She did indeed serve in the Army: one day in 1942, she put on her 3-inch heels and her fox-fur jacket and marched down to the recruiting station, where they laughed at her. By 1945, she was Capt. A.B. Davy (the surname from a short and turbulent marriage) of Army Intelligence, expert author of the manual on the interpretation of aerial photographsof enemy industry and researcher in captured German archives. Alice’s time as a WAC gave her a chance to see women “walking around like they owned the place” and to meet other kinds of women then those she would have met in Chicago high society (her elopement with the witty but violent Mr. Davy made the front page of the Tribune) or the artistic bohemians she and Mr. Davy hung out with. It also exposed her to new levels of sexist hostility from many of the GIs, sometimes verging on outright violence. Without these experiences, I don’t think Alice would have become the writer she was.
Oh, and she was a CIA agent too, in the ‘50s, along with husband #2 (H.D. “Ting” Sheldon). She was in intelligence-gathering and was horrified by the CIA’s descent into nasty covert ops. And did I mention the PhD in experimental psychology? The stint as art critic for the Chicago Sun-Time? The chicken hatchery (she and Ting prepared for that career by studying poultry management at Rutgers; when she got the highest marks, the newspaper ran the headline “Poultry Honors to Wife”).
So, you see, “double life” is really quite inadequate. Nothing about Alice Bradley, child exploerer/Alice Bradley, statuesque blonde debutante/Alice Davy, bohemian painter arrested for kicking a Berkeley cop in the crotch/Maj. Sheldon (retroactive promotion)/Dr. A.B. Shedon/Tip/Raccoona Sheldon (another nome de plume) was merely double. And that’s a big reason why her work is so much more interesting than, say, Russ’s. She could see the evil of perceiving women’s bodies as glamorous status objects or slimy monsters, but she also could find those modes of perception in herself. The impulse toward violence and aggression is usually located in her male characters, sometimes in male characters who are themselves horrified by them, but her journals show that she shared both the impulse and the horror.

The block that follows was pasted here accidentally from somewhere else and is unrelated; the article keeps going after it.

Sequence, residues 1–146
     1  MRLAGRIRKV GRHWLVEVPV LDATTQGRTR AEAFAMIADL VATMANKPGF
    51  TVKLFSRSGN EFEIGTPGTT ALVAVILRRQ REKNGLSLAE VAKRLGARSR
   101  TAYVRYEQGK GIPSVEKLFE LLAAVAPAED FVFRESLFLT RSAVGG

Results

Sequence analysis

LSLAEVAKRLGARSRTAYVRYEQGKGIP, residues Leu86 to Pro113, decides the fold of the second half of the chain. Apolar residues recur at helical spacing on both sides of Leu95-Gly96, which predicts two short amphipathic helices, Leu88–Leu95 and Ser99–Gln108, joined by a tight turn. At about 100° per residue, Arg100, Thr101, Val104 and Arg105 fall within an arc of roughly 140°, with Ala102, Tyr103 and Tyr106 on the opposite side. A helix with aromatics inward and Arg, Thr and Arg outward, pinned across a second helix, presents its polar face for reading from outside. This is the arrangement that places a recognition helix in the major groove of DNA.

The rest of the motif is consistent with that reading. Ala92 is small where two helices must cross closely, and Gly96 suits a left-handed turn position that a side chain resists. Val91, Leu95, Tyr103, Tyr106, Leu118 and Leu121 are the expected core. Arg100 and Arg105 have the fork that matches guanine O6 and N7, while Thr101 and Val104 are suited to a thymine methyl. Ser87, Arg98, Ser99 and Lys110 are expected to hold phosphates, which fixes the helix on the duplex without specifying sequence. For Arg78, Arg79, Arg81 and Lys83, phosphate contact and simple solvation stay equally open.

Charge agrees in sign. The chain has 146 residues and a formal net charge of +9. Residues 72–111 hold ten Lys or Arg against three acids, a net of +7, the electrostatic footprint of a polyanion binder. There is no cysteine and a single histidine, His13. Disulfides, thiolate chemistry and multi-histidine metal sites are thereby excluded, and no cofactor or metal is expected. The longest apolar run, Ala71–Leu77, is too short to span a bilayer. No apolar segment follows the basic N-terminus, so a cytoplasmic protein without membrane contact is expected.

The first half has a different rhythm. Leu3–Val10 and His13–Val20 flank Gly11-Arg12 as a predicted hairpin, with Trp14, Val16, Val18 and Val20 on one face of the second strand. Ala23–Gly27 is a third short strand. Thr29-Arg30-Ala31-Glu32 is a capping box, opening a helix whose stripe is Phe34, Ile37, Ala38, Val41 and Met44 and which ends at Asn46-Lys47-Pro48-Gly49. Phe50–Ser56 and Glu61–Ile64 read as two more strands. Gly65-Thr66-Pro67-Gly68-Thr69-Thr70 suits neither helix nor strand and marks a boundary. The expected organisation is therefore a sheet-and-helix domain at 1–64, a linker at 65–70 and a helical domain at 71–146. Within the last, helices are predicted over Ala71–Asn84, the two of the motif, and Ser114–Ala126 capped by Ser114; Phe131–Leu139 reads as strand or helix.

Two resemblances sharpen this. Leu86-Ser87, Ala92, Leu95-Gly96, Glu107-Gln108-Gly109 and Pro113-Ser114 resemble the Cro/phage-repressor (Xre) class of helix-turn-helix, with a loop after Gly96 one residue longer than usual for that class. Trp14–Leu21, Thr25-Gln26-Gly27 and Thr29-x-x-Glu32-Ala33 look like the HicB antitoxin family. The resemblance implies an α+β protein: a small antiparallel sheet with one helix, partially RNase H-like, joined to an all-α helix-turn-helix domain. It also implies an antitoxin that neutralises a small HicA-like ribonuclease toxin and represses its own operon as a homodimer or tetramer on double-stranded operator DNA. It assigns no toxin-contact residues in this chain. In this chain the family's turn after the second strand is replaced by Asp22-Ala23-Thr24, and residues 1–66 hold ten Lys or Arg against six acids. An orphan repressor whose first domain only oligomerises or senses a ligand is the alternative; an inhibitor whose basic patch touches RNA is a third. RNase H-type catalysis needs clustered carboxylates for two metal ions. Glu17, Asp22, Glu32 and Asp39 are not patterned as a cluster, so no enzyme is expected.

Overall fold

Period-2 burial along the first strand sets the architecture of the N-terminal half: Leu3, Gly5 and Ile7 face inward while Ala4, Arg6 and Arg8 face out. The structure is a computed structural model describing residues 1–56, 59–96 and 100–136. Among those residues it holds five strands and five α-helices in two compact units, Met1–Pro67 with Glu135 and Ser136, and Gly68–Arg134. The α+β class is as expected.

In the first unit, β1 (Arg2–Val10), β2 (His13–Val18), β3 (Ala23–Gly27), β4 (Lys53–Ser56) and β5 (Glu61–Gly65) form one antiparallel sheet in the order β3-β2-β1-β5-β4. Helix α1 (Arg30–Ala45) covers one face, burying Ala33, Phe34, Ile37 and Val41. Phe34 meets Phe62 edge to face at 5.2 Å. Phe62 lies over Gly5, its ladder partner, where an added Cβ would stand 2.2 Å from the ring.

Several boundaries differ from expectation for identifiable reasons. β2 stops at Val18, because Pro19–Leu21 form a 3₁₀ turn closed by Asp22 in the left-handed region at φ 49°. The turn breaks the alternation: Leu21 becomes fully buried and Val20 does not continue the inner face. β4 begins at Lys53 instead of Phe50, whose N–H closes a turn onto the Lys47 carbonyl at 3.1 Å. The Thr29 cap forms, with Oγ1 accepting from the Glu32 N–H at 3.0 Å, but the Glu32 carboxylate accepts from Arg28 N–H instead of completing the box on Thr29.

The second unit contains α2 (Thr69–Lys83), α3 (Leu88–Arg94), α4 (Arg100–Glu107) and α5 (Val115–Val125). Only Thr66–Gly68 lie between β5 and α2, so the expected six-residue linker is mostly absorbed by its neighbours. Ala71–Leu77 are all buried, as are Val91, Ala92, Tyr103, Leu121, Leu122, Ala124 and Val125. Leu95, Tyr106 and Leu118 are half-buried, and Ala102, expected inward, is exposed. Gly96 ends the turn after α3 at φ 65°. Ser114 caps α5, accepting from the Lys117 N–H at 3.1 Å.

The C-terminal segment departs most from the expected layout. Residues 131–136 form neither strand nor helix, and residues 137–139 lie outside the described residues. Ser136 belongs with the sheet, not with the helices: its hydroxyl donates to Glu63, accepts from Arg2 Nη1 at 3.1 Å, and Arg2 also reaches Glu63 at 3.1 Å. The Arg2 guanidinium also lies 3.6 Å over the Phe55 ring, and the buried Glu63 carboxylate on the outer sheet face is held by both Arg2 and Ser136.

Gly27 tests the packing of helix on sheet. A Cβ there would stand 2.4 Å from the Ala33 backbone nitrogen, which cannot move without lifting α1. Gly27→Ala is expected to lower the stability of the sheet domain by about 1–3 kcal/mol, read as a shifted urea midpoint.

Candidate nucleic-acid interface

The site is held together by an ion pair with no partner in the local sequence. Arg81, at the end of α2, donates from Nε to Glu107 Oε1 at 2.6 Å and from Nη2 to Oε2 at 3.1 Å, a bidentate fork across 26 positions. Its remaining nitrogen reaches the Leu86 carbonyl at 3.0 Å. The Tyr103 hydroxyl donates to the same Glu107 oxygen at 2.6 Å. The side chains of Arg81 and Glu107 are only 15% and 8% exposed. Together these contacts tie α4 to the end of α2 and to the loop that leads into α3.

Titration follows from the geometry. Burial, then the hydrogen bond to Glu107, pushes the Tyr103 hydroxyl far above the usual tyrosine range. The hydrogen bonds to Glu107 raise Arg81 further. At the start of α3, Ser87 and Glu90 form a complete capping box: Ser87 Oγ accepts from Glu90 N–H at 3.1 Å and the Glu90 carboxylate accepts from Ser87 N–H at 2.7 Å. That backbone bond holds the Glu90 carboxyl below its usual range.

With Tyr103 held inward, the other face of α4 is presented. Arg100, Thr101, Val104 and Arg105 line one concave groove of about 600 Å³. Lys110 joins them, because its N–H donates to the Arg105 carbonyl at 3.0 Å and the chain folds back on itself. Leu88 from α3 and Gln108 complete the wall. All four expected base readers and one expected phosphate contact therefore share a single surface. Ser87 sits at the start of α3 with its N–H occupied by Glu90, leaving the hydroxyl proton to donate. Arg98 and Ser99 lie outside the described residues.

Well, sometimes she shared the horror, and sometimes she just turned the flamethrower of her anger and outrage to Maximum Roast and let fly, with the result that a fair number of her stories end with the extermination of the male gender or the whole human race (in one, an environmentalist decides to save the planet by killing all the humans). This white-hot rage is scary, and is not as admirable as Ursula K LeGuin’s sad wisdom, but it is always a genuine response to real suffering and injustice.
Here’s one more flake of Alice’s life, as related by Phillips:
One night, at 2:00 in the morning, Alice was in the art department [at Sarah Lawrence, in 1934] trying to master photography under artificial light. She had on black velvet overalls and spike-heeled lizard pumps, and she was taking pictures of the departmant’s anatomy skeleton, which she had arranged so that it was reclining on the floor, reading the Sunday comics, and drinking a can of tomato juice through a straw. As she adjusted the lights, she was interrupted by ‘a plump little girl in a pink wool skirt…and curls’ who looked at the photo session, looked at Alice, and said: “You don’t live right.”